Solid Golf Tips Given By Virginia Golfer @shawn_lux
Baleaf Ambassador Shawn Lux here. For those that don’t know me I’m a golfer based out of Virginia. Along with content creating with various golf courses and brands I also play on the Amateur Players Tour. You may know me for my years on the St Jude/Operation Enduring Warrior Race team.
So today I would like to give a couple tips and drills I do on the range and on the course to hopefully help fellow golfers or people potentially thinking about getting into the sport develop their swings.
Your swing should feel natural. I can’t emphasis this enough. One major issue I see with golfers is attempting to conform their swing to a certain golfer. There’s a few issues with that.
First, These players literally hit thousands of balls a day to practice then spend the rest of their time working out or playing rounds. Likely you won’t swing at the same speed or sheer power of a tour pro. Trying to mimic their swing will likely lead to injury and frustration.
Second, watch how different pros swing. Matthew Wolf and Tiger Woods couldn’t be more different. John Rahm and Collin Morikawa are completely different.
There is reasons they swing or move a certain way. Your swing will be unique to you. It’s important to develop YOUR swing.
Your set up - For a driver you want your feet just outside your shoulder blades. For longer irons(3-6) your feet will narrow a bit. For short irons(7-9)/wedges your stance will be feet will be level with your shoulders.
Ball position- This is very important. For driver you should have the ball just inside of your forward foot. 3 wood you want to move it slightly back. 3-6 irons will be just slightly back from 3 wood. 7-9 will be just forward of the center of your stance. Wedges will be center or even just slightly back. These positions help you compress the ball. Having correct ball positioning also eliminates coming under(Hitting it heavy) and coming over the ball (Topping).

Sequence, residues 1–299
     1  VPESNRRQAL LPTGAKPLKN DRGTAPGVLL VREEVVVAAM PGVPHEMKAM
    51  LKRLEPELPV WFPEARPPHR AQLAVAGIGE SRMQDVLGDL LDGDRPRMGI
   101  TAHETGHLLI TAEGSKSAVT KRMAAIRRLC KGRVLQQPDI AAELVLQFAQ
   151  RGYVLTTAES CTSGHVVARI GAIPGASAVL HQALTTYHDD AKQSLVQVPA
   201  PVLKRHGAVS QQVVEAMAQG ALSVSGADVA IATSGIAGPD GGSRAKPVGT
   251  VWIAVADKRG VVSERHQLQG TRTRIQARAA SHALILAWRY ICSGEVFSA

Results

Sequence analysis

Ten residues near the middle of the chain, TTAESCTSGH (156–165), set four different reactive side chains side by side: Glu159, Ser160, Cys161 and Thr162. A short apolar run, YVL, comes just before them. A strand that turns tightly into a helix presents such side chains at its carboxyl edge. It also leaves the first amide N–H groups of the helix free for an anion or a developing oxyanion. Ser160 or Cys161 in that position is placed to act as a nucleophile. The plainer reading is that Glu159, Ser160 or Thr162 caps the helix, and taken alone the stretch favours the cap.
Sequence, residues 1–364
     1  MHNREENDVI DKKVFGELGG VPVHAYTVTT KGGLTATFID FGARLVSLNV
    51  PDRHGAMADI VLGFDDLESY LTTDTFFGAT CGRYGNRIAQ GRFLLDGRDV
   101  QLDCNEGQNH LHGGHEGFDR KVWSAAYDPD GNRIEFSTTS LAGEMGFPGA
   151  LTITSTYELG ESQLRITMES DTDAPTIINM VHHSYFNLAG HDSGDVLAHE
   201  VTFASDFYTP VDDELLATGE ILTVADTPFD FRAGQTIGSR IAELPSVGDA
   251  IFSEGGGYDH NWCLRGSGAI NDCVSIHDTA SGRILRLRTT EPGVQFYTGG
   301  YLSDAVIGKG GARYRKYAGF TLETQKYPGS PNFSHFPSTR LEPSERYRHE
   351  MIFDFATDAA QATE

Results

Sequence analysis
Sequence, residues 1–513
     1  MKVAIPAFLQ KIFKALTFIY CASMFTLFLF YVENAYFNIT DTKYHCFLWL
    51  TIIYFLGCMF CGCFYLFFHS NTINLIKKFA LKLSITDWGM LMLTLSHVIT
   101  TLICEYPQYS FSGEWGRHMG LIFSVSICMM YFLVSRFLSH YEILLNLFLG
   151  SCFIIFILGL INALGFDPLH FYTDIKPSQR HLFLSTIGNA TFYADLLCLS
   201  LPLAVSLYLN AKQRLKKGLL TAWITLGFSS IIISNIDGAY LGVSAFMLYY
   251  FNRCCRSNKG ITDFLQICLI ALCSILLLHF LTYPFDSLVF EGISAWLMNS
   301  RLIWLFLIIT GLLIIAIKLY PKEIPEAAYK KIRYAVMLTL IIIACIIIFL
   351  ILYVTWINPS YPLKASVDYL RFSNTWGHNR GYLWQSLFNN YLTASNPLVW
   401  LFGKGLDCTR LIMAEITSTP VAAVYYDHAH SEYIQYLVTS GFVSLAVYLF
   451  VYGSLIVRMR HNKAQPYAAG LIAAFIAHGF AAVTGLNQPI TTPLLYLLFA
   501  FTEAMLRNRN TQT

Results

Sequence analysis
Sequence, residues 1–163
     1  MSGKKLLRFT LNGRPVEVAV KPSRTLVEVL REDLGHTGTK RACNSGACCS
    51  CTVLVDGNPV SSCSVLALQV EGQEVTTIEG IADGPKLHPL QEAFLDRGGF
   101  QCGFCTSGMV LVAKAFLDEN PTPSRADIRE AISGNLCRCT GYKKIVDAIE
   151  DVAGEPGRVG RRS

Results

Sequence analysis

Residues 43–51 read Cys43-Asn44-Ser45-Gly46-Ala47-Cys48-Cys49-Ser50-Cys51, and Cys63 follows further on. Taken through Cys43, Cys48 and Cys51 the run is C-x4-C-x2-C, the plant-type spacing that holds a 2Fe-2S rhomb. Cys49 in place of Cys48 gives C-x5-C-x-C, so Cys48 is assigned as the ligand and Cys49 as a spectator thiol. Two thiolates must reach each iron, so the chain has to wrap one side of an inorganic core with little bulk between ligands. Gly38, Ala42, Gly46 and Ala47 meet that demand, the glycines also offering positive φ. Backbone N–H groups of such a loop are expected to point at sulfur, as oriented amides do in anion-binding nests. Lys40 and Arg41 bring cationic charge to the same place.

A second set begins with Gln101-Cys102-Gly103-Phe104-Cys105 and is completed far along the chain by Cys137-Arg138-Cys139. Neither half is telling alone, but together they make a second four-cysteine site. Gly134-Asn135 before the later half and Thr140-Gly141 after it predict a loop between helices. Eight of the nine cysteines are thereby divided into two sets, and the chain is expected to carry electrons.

So let’s talk about improving your swing. Some very simply drills.
1) Take a towel and wrap it in front of you under your arms. When you swing the towel should not drop out through your back swing. You can also put a glove under your armpit of your leading arm.
This drill is used by Collin Morikawa who is the best irons player on tour (Best iron ball statistically since Tiger Woods.) and a incredible ball striker. This drill is to keep your arms connected to your body.
When your arms get away from you your ball strikes are unpredictable. The most likely result is probably slicing your shot horribly though as you are likely to swing inward badly into the ball.
2) Your divot should be pass where the ball was struck.
Why? Because your club is moving downward into the ball (Compressing the ball.). So the divot should be after.
So how can you make sure that happens?
Place your ball down to hit then place a tee on the other side right next to the ball. When you strike you will be able to see if the divot is after where the ball was based on the tee. Just simply move the tee each time and you can see if you are creating a divot after, on, or before the ball by looking at the tee. I
f you want a true visual of how the club should move imagine a half hula hoop sticking up diagonally toward you from the ball. If your hula hoop turns inward too much you will slice your shot. If it gets too far outward you will hook your shot. You want the ball strike in the middle of the half hula hoop.